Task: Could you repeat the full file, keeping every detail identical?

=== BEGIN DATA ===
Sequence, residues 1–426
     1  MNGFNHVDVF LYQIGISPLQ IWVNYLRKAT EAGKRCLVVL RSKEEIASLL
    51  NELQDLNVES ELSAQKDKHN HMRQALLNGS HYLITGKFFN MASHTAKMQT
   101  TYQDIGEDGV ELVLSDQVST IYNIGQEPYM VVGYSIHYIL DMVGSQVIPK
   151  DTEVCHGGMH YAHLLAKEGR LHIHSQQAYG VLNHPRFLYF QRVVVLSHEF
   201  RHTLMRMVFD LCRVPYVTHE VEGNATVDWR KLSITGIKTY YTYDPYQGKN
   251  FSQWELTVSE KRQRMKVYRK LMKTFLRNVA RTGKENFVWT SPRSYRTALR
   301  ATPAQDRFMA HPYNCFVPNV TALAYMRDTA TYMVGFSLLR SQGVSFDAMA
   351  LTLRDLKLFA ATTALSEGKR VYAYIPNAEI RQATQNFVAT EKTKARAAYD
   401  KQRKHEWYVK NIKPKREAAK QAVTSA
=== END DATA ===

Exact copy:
Sequence, residues 1–426
     1  MNGFNHVDVF LYQIGISPLQ IWVNYLRKAT EAGKRCLVVL RSKEEIASLL
    51  NELQDLNVES ELSAQKDKHN HMRQALLNGS HYLITGKFFN MASHTAKMQT
   101  TYQDIGEDGV ELVLSDQVST IYNIGQEPYM VVGYSIHYIL DMVGSQVIPK
   151  DTEVCHGGMH YAHLLAKEGR LHIHSQQAYG VLNHPRFLYF QRVVVLSHEF
   201  RHTLMRMVFD LCRVPYVTHE VEGNATVDWR KLSITGIKTY YTYDPYQGKN
   251  FSQWELTVSE KRQRMKVYRK LMKTFLRNVA RTGKENFVWT SPRSYRTALR
   301  ATPAQDRFMA HPYNCFVPNV TALAYMRDTA TYMVGFSLLR SQGVSFDAMA
   351  LTLRDLKLFA ATTALSEGKR VYAYIPNAEI RQATQNFVAT EKTKARAAYD
   401  KQRKHEWYVK NIKPKREAAK QAVTSA